Air Miles realized that negative voices are a naturally occurring representation of brand sentiment and should be listened to, not cast aside. By placing restrictions or obstacles to these intense displays of brand passion, companies are closing their eyes to meaningful discussions, suggestions and bonding opportunities with their customers.
Patrick Sojka, founder of Rewards Canada website says many rewards programs have a different way of listing their fees and sometimes have trouble communicating them across. Negative word-of-mouth can help product managers identify where they made a wrong turn.
What’s better, upvoting or downvoting?
Let’s compare Hacker News and Reddit, two sites built around vibrant link-sharing and discussion building communities. They may seem similar in purpose, but they have fundamentally different ways of treating user votes.
On Hacker News, a post effectively starts at zero (though there is always a possibility of upvoting your own post). This system comes at a cost: it’s difficult to determine its quality and popularity of the topic. Is it bad? Uninteresting? Controversial? It’s quite difficult to pinpoint what that 0 actually means.
One main benefit of downvotes and negative word of mouth is that it gives you a better understanding of how to respond to users. Therefore, removing the ability to downvote also removes a critical feedback loop for your audience.
Take for example the positive scale on Hacker News versus the positive and negative scale on a site like Reddit. Once you factor in the negatives, not only is your range doubled but now you have the ability to discern a mediocre post from a bad or senseless post.
Should users be able to upvote, downvote or perhaps not vote at all? Since this question is a matter of debate, we believe the best thing to do is put voting settings into the hands of our customers. It should be up to brands to decide what type of voting weights to assign to their own discussions.
Dangers of ignoring negative sentiment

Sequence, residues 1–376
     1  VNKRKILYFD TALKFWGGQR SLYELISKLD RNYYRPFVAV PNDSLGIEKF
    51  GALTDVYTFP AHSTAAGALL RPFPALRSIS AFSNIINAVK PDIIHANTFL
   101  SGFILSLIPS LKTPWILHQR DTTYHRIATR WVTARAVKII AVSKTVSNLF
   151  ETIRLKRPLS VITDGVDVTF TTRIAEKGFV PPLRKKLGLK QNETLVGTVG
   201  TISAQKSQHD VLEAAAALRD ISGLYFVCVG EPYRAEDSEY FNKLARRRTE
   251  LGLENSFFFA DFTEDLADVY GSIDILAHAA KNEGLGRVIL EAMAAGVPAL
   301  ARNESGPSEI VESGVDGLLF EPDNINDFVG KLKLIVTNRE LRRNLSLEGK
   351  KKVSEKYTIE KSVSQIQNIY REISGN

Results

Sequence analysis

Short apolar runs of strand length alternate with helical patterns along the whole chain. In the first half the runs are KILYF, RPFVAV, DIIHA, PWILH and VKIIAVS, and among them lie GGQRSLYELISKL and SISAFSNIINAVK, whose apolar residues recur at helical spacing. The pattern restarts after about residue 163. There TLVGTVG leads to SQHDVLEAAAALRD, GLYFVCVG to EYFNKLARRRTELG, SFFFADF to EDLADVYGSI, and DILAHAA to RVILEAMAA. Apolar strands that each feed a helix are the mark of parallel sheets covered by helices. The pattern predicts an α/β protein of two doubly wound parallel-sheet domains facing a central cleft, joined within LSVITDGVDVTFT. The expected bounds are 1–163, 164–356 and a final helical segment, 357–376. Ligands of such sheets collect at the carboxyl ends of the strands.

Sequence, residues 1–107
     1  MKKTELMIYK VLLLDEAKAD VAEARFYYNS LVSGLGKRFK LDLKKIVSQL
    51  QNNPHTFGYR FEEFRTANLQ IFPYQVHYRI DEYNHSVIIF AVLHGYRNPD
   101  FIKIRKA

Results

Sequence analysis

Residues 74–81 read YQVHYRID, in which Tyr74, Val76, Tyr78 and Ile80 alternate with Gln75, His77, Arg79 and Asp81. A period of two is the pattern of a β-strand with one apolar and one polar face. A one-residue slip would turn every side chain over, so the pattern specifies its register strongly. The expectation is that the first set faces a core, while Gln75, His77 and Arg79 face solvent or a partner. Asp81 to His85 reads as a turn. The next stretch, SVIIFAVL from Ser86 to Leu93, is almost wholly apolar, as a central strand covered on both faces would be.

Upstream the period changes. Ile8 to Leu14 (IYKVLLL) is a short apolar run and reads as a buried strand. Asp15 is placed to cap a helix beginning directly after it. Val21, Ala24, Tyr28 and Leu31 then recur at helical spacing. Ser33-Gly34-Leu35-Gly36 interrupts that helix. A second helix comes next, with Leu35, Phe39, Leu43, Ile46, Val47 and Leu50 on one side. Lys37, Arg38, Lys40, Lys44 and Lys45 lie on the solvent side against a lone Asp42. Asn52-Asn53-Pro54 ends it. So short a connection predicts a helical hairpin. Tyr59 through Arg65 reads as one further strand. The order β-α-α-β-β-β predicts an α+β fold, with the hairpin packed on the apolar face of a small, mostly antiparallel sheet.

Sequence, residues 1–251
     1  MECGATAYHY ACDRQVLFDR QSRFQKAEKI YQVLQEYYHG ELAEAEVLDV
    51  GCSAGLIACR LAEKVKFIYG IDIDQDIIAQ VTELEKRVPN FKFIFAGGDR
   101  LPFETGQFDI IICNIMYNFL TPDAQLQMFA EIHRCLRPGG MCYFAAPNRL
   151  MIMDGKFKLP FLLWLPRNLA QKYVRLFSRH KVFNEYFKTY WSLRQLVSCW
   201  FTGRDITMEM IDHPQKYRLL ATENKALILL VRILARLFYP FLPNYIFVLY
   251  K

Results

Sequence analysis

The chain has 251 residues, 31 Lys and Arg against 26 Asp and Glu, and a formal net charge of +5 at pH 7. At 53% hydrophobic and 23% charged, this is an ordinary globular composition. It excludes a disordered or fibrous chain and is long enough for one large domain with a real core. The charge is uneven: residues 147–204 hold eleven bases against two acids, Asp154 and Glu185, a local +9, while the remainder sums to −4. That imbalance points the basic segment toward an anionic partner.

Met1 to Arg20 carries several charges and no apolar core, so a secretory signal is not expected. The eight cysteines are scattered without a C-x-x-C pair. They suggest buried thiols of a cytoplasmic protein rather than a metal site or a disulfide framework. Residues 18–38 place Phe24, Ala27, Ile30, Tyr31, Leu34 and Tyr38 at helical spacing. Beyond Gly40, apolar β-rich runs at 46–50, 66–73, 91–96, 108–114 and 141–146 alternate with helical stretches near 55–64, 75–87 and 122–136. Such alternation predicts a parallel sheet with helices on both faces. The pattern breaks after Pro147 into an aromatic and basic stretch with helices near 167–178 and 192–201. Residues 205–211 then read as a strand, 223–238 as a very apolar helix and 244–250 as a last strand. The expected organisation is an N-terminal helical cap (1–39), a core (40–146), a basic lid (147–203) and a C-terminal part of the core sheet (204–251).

Of course, there are many community and social media platforms that refuse to acknowledge opposing opinions.
One example is UserVoice, an idea management platform that don’t allow users to downvote suggested ideas. Their reasons for rejecting this feature stems from the fact that:
- downvoting is negative in nature, even though negative votes help businesses improve
- it complicates the issue when in actuality it accurately captures the customer’s voice
- they prefer dissent remain in the comments section, which adds friction to the user experience
Wouldn’t it be better to give this responsibility to the customer? Many (including ourselves) certainly think so:
At Helprace, we value all opinions. We also found that downvotes give us a critical ability to distinguish between various stages of usefulness of customer feedback. Do others see this content as good, bad, unnecessary or harmful? These are important questions that any customer-facing company should want answers to.
As for Facebook’s reluctance to “dislike”?
Many see Facebook as a glorified PR app aimed at whoever is using (paying) for that benefit: an individual, a company, a product.
No good PR person invites people to publicly say how bad their product is. So Facebook takes the easy way out, irregardless of how much marketing and competitive information is lost in the process.